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Greens/EFA Debriefing

Plenary week, 16-19 April 2018


 

Table of contents

 

  • Future of Europe - debate with President Macron
  • Selmayr: Commission ethics in question – Discharge of Commission 2016 budget
  • Money Laundering - New legislation will deliver real benefits for citizens 
  • Organics - Parliament to seal the deal on new legislation
  • Greenhouse gas emissions 
  • The Circular Economy
  • Energy performance of buildings
  • Facebook & Cambridge Analytica - Parliament to respond to scandal 
  • Protection of journalists - resolution following recent murders 
  • Dieselgate - new legislation on type-approval and market surveillance
  • Greens/EFA motions for resolution

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Future of Europe: debate with President 

Debate Tuesday 17 April

 

French President Emmanuel Macron delivered a speech in the parliament’s series of Future of Europe debates. Ahead of the debate, Greens/EFA MEPs have written to the President, asking him to show leadership in the Council on tax. Greens/EFA are calling on the President to encourage his partners to reach agreement on proposals for country-by-country public reporting and a common consolidated corporate tax base. 

“We share a will to build a political Union that listens to the voice of its citizens. They must be at the core, not at the margin, of the European project.” saidGreens/EFA co-president Philippe Lamberts in his speech.

 

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Commission - ethics in question and discharge of 2016 budget

Wednesday 18 April

 

The European Parliament has today backed a resolution criticising the European Commission for its handling of the appointment of Martin Selmayr as Commission Secretary General. The resolution calls on the European Commission to “reassess the procedure of appointment of the new Secretary General in order to give other possible candidates within the European public administration the possibility to apply" and for the process to be revised so that future appointments are open and transparent.

MEPs also voted on the discharge of the Commission’s budget for 2016. In response to the Selmayr scandal, one of a series of problems regarding ethics and conflicts and interest in the European Commission, the Greens/EFA group called for a postponement of the discharge of the European Commission's budget. This was rejected and the majority of the House granted discharge to the Commission.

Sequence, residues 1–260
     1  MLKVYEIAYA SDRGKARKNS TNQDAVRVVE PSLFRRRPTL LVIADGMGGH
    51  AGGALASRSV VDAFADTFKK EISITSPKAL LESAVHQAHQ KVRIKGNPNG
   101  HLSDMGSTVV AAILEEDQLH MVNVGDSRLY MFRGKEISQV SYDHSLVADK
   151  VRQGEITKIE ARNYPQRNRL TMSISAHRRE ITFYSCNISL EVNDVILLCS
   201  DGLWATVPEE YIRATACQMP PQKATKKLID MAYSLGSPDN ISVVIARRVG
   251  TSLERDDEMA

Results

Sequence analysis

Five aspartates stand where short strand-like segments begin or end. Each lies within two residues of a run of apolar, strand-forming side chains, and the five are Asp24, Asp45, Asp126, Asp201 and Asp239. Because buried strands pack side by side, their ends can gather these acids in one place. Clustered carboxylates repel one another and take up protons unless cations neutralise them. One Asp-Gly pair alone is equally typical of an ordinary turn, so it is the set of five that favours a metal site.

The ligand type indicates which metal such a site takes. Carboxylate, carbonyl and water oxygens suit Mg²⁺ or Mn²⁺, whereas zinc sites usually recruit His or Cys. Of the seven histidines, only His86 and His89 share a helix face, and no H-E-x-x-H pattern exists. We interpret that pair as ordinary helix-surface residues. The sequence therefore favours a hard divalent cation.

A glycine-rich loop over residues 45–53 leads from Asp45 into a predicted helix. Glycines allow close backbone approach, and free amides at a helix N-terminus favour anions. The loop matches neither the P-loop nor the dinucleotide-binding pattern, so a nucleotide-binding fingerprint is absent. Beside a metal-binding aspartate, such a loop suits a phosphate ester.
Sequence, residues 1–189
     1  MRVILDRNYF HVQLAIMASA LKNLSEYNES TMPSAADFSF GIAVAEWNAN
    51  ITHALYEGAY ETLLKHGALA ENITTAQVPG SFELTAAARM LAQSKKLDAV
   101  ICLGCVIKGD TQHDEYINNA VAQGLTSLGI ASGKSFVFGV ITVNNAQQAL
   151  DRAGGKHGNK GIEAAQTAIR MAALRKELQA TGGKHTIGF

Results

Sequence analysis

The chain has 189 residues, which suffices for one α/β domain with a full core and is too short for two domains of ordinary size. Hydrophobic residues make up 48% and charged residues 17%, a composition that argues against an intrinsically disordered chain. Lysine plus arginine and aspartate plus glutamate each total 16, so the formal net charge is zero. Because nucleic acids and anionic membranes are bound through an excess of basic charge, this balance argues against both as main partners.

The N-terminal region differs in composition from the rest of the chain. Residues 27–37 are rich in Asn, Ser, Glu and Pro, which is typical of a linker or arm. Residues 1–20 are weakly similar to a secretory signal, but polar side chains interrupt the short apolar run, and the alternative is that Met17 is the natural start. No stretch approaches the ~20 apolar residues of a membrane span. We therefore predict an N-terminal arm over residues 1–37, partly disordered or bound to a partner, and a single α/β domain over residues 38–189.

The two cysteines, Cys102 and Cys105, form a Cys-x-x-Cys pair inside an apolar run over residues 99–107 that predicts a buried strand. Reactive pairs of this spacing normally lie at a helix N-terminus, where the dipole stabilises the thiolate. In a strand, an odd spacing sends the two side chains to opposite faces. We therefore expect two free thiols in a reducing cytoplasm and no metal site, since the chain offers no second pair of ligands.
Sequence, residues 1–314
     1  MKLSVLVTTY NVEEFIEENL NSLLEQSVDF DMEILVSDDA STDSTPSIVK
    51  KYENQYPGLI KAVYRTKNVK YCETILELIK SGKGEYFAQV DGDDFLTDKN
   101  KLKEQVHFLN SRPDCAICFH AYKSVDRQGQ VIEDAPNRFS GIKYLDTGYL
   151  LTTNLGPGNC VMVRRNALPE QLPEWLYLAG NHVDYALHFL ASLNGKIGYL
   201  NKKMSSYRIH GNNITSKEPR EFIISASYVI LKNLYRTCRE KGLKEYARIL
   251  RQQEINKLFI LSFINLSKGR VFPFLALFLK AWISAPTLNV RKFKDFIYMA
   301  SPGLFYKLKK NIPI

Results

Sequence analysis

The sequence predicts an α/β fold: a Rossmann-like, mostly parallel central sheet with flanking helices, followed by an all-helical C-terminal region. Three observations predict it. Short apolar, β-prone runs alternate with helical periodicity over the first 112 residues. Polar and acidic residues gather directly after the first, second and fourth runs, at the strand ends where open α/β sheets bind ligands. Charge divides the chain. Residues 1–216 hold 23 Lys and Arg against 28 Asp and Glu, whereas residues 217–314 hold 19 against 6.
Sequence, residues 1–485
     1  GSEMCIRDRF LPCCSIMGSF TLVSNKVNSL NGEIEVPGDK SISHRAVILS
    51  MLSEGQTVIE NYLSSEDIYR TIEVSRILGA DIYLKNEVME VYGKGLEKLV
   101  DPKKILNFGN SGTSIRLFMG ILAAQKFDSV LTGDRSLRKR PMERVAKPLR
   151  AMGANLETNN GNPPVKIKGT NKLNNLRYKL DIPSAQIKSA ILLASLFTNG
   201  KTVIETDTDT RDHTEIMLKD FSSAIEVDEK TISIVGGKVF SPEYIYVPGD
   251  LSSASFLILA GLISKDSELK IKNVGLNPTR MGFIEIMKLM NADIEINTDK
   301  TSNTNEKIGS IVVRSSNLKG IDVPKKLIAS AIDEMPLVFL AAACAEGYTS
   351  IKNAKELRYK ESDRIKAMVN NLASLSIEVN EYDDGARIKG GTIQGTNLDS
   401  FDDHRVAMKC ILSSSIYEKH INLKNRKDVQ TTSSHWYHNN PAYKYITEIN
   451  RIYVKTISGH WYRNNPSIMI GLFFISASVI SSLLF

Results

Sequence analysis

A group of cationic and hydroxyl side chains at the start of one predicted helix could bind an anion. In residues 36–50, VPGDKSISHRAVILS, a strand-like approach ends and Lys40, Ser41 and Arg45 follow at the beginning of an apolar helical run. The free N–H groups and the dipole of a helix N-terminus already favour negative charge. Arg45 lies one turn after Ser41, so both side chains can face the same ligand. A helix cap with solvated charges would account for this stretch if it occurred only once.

The Greens/EFA group has also produced a proposal for future appointments of senior management positions in the European Parliament. The proposals are available here.

 

Further information:
Robert Godina - Advisor on Budget and Budgetary Control
robert.godina@ep.europa.eu

Roccu Garoby - Advisor on Budget and Budgetary Control
roccu.garoby@ep.europa.eu

Pam Bartlett Quintanilla - Transparency and Democracy Campaigner
pamela.bartlettquintanilla@ep.europa.eu

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Money Laundering: New legislation will deliver real benefits for citizens 

Debate on Wednesday 18, vote on Thursday 19 April

 

MEPS gave their approval Thursday on the outcome of negotiations on the update to the anti-money laundering directive. Greens/EFA MEP Judith Sargentiniwas co-rapporteur. The revised legislation includes a series of important measures for cracking down on money laundering, including the creation of ultimate beneficial ownership registers. This legislation will deliver tangible benefits to EU citizens. These new measures will be tough on financial crime and help prevent money flowing out of the real economy, away from vital public services such as schools and hospitals.

 

Every year, national governments lose billions to money laundering, with painful consequences for public spending. These new measures will help make sure that criminals can’t siphon money away from the real economy. 

 

Further information:

Catherine Olier - Advisor on Economic and Monetary Affairs

catherine.olier@ep.europa.eu

Aleksejs Dimitrovs - Advisor on legal affairs, civil liberties, justice and home affairs

aleksejs.dimitrovs@ep.europa.eu

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Organics: parliament seals the deal on new legislation

Vote on Thursday 19 April

 

The European Parliament voted on the outcome of the trilogue negotiations on a new organic regulation. Greens/EFA MEP Martin Häuslingwas the parliament’s rapporteur, steering negotiations for nearly four years until the final agreement in November 2017. The new regulation will result in clear rules, giving consumers a better idea of what lies behind the organic label. It will also bring the regulation up to date to support the continued development of the organic sector. This is good news for organic farmers and for consumers! 

 

 

Further information:

Hannes Lorenzen, Advisor on Agriculture and Rural Development

hansmartin.lorenzen@ep.europa.eu

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Greenhouse gas emissions 

Debate on Monday 16, vote on Tuesday 17 April

 

MEPs voted on the outcome of trilogue negotiations on two key pieces of climate legislation. The “LULUCF” regulation sets out the rules for how to count emissions from forestry and land use, while the binding greenhouse gas emission reductions set out the commitments to meet the EU’s Paris Agreement commitments. Together, these form a key sign as to whether or not the European Union is on track to deliver on its climate commitments. While the trilogues on the LULUCF actually improved both the Council and the Parliament’s position, the greenhouse gas targets are less satisfactory. The ambition level of the overall 2030 climate target proposed is insufficient so the regulation will merely act as a safety net and will drive little or no additional reduction efforts.